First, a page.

“We are in the midst of a really exciting era for entertainment production where film, animation and games workflows are blending to empower users of all levels,” said Jordan Thistlewood, Product Management Director, Virtual Production for Epic Games. “Artists have never had so much feedback at their fingertips, enabling them to put so much of their time into their creativity. It is exciting to imagine the range of great stories and experiences we will see made with the new Maya and Unreal Engine Live Link plugins.”
Maya’s relationship to Omniverse
When we asked about Maya’s relation to round-tripping models to Unreal and the growing use of NVIDIA’s Omniverse, Maurice commented that “Omniverse is trying to say, ‘we wanna be that open’, but the question is how open are these systems?” he comments. “Are they really that open? We are a little hesitant around them in the sense that we feel that they want to own all the data” Maurise is not sure how open that platform is going to be, “and if it’s not open, and it’s not easily expandable, then it becomes problematic in production because our customers always expand. So the question is how easy and open will Omniverse be as a platform that they can build on and expand because and if not, they won’t use it.” Autodesk is strongly of the opinion that USD will be at the heart of whatever long-term solution there is for interoperability. “We see USD as the light at the end of the tunnel,” Maurice adds, noting that both NVIDIA’s Omniverse and Epic are committed to a USD approach. But he is still seeking clarity on how open their USD implementations will be and if those additions will be contributed back into USD’s open-source libraries. “But I think getting it into ASWF (software foundation), with a little bit more formality around it, is going to help,” he concludes. “Omniverse is a bit of a challenge for us, their use-cases are a bit all over the place and not very clear. They have a lot of bright ideas, but not a lot of working workflows yet.”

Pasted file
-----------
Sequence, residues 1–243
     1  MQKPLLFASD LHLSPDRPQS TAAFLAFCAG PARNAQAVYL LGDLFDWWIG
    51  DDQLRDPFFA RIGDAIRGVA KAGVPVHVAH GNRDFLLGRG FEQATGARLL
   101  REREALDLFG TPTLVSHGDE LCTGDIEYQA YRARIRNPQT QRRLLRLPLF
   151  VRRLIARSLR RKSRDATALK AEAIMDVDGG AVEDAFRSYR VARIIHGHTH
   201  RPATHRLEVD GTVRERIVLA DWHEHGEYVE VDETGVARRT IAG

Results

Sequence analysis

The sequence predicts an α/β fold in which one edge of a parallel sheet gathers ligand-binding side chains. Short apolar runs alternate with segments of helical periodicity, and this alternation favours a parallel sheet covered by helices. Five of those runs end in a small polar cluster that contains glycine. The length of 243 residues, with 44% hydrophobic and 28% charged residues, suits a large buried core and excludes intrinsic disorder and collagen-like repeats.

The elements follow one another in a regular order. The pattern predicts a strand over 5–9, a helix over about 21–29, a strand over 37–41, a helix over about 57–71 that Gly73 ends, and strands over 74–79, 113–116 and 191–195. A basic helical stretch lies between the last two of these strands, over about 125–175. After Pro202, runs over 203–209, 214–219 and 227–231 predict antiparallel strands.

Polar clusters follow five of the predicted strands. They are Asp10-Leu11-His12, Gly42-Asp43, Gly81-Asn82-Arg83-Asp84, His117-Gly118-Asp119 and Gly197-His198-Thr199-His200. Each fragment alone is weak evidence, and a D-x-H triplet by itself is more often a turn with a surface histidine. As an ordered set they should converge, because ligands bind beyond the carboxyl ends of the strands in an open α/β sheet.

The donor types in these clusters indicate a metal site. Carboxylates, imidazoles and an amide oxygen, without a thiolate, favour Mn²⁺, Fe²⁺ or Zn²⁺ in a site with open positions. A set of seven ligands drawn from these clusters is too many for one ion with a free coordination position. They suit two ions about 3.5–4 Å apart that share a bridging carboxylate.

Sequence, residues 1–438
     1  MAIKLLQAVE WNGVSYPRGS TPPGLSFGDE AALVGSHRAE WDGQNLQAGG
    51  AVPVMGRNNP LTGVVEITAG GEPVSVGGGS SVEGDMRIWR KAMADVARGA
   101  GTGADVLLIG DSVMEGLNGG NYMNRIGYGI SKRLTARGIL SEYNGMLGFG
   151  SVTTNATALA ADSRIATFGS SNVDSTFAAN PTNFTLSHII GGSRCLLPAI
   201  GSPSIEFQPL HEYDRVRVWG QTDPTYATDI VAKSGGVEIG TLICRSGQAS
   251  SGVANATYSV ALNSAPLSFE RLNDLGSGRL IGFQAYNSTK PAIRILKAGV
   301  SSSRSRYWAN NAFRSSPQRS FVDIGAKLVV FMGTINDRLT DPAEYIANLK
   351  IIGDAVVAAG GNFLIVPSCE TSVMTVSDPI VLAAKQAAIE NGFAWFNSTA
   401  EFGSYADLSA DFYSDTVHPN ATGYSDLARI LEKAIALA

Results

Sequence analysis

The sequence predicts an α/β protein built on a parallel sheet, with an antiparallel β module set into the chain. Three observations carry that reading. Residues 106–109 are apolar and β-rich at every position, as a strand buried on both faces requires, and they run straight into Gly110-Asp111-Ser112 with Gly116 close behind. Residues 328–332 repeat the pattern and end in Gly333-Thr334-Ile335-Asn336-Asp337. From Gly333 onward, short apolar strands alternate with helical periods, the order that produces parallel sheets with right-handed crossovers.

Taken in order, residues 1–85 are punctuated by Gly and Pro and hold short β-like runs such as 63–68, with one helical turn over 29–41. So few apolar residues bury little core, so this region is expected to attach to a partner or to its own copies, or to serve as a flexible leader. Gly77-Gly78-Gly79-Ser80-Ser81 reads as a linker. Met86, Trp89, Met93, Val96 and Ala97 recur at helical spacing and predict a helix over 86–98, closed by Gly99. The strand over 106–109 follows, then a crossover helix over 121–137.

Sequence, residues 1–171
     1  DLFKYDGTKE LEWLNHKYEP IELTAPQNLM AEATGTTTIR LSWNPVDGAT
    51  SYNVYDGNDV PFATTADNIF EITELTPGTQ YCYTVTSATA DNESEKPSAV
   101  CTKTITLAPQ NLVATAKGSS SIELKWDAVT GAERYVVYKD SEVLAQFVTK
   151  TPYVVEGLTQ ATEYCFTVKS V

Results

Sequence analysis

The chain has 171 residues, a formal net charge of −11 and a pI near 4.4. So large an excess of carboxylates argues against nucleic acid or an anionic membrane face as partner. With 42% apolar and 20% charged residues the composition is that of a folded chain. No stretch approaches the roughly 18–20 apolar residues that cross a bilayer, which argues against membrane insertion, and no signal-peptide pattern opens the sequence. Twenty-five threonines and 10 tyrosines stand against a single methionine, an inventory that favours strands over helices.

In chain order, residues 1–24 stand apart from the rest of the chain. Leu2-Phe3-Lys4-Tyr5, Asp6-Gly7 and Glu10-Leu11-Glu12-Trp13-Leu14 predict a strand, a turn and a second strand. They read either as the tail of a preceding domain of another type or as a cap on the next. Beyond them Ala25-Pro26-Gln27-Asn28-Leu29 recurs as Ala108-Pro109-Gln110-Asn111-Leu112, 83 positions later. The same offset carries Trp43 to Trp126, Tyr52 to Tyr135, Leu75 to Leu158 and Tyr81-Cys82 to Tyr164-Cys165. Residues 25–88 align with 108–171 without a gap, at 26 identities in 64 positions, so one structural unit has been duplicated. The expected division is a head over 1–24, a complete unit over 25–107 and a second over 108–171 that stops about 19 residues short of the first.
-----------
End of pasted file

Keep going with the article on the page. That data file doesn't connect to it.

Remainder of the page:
Maya, Unreal, and Rigs